My husband was diagnosed with juvenile diabetes at 10 and is now 29.  When we got together 4 years ago, he was not in a good place either.  Since he was diagnosed, his mother made it her responsibiltiy to take care of his diabetes rather than teach him to be responsible.  He never had to think about taking a reading or about when and what to eat as she was a constant reminder.  This pushed him away and caused him to rebel.  When he was 24, he finally moved out of the house.  Since he never learned to remind himself of his responsibility, he didn't take his readings for several months.  By this time, he had been on an insulin pump.  He ended up in the hospital with keto-acidosis.  Luckily he did not go into a coma, but it did scare him a bit.  He stopped drinking and took his readings and ate better, but only for about 9 months.  Still at his age, his mother would constantly ask him if he had taken his reading and was always on him about his diabetes.  I myself, tried to back off a bit as I knew how it only made things worse to push.  It was very difficult.  Finally after 8 days with 5 lows I made an appointment and begged his doctor to help me.  I went with him to that appt and the doctor told me that I needed to let him be a man and back off.  After my husband saw me in tears because of his doctor, he realized the pain he put on his family and he finally took charge of his diabetes.  It has been almost a year since that day and so far so good.  He has his moments as I am sure all diabetics do, but I don't have to remind him to take his readings and he keeps good numbers.  I guess what I am trying to say is try and give him his space, but keep an eye on him so that no harm comes to him.  He will eventually find something to make him see how important his life is to himself and his family.  From what my husband says, it is difficult growing up as a teenager with diabetes.  Just as Karen said, find ways to let him eat and do what the others are doing and adjust the insulin to that.  It does help.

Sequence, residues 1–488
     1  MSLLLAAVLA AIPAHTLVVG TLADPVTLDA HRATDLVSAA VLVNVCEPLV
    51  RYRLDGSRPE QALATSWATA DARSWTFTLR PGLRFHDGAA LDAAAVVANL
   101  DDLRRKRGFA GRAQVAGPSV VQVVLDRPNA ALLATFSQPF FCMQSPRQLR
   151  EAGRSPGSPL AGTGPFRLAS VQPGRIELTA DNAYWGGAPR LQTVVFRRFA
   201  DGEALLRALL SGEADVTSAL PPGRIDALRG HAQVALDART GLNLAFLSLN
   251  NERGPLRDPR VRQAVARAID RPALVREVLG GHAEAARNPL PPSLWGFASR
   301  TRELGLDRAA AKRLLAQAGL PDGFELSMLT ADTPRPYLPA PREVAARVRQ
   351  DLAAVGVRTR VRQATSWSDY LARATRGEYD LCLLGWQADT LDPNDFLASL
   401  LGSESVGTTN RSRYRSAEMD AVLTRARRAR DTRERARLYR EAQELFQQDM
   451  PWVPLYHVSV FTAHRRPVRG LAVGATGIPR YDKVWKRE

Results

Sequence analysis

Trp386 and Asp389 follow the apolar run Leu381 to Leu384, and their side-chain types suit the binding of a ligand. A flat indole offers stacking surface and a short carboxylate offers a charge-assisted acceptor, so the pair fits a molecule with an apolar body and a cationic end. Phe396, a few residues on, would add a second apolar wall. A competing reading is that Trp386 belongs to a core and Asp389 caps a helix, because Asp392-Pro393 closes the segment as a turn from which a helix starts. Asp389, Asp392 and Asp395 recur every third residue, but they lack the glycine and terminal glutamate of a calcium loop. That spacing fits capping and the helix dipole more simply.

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I really appreciate the responses to my questions regarding my son and his diabetes control.  I am going to print these responses for him - maybe it will help.
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Hi - I know what he is going through.  It's the dangerous feeling where you just want throw your arms up and go: "I hate this. I'm sick of this. If my body is so bound and determined to ruin itself - so be it.  Life isn't worth all this pain and hassle.  All the needles, the pump infusion sets that give NO DELIVERY alarms, the finger sticking.  Maybe my next life will be better if I let this one wind down and stop."  It's where Diabetes feels like a 1000 pound weight on your shoulders - especially when you realize you have to endure the pain the rest of your life and you can no longer live as carefree as most others do.  I have, by no measure, fully come to terms with my Diabetes (diagnosed last year in 03).  I probably never will fully accept it as a part of my life.  Diabetes just wears you down.  Unfortunately - when you feel burned out, the last people you want to talk to are other Diabetics or support forums.  My parents got tough with me though - when they finally got tired of me saying over and over again how worthless my life had become and how Diabetes had robbed me of just about everything .... they said "Fine.  Don't check your blood.  Don't pump insulin.  Don't count carbs.   But don't expect us to feel sorry for you, or to pity you, or visit you in the hospital.  Diabetes took away your Pancreas's ability to produce insulin - and that's all it did.  You have a pump and can work around that.  But it will be YOU that destroyed your own life."  It kind of woke me up when they told me that and I went on with life.
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Dear dbryant,